The legacy that Meštrović left to his people may be summed up as follows: a small people finds meaning and a place in the human community only if it enriches mankind with the spiritual and intellectual values which it has itself created. Force and power do not possess the strength which mankind needs to survive. He helped to establish Yugoslavia in the years 1914-18 but suffered deeply from its failure to establish an equal partnership among all its nations, mainly because of the hegemony of one ethnic group upon all others. Meštrović was shattered by his inability to prevent the inevitable civil war which raged between Croats and Serbs in the midst of World War Two. Some of us who were associated with Meštrović in the last years here in the United States and listened to his remembrances of the past were impressed by his decent and firm stand in exile. He left behind him all property, homes and buildings, in Zagreb and Split and preferred to live as a free man, in a one family house, in America. He was not disappointed that his art was not better represented in various New York's modern art collections. Upon arrival in New York however, he had the unprecedented honour of being the first living sculptor whose work was exhibited in the great hall of the Metropolitan Museum. His firm belief was that every true expressive creation would survive the changing modes, tastes and styles of its own times and eventually find its lasting place in art history.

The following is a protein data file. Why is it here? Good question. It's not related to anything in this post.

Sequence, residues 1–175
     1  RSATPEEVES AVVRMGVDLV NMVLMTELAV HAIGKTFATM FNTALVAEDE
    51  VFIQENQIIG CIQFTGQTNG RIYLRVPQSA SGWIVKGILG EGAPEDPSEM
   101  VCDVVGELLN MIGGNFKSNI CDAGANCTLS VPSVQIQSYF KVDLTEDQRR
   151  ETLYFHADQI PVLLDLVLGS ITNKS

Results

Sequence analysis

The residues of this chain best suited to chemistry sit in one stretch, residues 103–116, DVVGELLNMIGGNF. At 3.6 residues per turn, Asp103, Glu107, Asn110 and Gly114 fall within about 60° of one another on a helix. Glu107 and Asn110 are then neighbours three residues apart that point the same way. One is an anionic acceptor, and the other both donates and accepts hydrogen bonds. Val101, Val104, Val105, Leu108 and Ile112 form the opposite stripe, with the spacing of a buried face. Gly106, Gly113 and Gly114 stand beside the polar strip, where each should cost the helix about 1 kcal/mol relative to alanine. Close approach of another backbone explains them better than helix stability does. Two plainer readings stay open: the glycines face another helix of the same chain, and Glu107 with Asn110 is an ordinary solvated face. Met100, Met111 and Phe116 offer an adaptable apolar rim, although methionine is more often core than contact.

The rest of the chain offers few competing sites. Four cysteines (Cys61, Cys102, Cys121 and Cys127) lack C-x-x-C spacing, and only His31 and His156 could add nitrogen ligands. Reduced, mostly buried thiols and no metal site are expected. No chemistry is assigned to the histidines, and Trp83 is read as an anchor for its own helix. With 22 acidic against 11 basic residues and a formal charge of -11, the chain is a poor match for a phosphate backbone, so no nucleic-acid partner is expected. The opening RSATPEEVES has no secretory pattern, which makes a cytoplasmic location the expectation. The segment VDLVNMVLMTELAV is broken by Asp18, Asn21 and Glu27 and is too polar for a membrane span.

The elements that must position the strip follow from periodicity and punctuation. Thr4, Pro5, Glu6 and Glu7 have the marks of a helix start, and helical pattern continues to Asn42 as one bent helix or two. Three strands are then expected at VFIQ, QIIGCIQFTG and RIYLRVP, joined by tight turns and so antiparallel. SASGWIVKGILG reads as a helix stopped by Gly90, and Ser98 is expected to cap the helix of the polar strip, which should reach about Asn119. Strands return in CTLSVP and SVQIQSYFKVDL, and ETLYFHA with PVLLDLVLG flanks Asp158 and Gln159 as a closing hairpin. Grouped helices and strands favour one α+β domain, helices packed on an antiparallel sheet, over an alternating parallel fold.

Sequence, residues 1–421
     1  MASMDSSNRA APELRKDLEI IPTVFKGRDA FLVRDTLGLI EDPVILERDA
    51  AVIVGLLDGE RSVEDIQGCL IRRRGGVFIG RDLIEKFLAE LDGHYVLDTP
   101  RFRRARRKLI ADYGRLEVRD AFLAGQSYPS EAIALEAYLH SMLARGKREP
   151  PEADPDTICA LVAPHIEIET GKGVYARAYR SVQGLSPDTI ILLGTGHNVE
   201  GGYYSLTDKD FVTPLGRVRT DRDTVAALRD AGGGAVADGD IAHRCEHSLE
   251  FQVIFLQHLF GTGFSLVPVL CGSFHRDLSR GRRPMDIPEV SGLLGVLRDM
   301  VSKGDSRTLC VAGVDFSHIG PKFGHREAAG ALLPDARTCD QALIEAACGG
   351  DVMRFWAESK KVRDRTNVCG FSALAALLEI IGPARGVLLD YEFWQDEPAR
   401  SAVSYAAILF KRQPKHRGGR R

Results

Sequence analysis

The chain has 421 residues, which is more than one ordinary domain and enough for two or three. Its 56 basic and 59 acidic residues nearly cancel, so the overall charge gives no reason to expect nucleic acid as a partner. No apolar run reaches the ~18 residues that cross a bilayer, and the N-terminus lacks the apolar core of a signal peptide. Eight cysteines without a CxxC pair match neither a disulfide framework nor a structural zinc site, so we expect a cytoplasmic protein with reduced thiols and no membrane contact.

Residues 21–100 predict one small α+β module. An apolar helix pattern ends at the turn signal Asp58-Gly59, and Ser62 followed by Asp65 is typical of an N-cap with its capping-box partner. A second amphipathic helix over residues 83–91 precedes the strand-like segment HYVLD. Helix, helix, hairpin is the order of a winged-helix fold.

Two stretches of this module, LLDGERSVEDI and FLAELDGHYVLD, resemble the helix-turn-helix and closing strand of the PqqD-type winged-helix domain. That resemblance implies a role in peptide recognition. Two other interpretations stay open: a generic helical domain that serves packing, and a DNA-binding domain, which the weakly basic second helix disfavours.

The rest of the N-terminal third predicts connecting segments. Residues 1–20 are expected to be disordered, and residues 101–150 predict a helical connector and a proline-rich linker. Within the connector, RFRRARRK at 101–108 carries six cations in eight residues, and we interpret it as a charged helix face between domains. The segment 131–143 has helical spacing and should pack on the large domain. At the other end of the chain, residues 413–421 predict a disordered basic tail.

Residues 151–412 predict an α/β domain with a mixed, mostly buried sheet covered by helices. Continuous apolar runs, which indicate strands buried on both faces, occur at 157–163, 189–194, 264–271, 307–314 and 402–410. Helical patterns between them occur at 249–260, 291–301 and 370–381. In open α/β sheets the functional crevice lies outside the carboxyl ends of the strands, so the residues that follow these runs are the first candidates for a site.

As for the future of Yugoslavia that was the dream of his early years, although he had lived and suffered through this country's many tragedies, he never lost faith in the people, and placed the blames of failure on politicians. He was profoundly disillusioned with Serbian leadership, and came to believe that it was unable to organize a multinational state for it stubbornly insisted on a hegemony which ultimately lead to its disaster. 'Whatever the ultimate unraveling of the Yugoslav drama would be, he believed that, any alternative even separation, would be better than perpetual civil war which ultimately would consume and destroy both the oppressor and the oppressed.


He died convinced that the Croatian nation had reached a level of political maturity which was necessary for entrance into a community of independed states and that she would in fact achieve political and national independence and statehood. Meštrović's Croatia has found its noblest expression in the insistence on the principle of Pravica — the Justice. The Croatians have always fought and suffered for Justice. The Centennial celebration of Meštrović's birth should equally offer to those in Croatia as those dispersed all over the world, in diaspora, the opportunity to express their commitments to Justice and Freedom.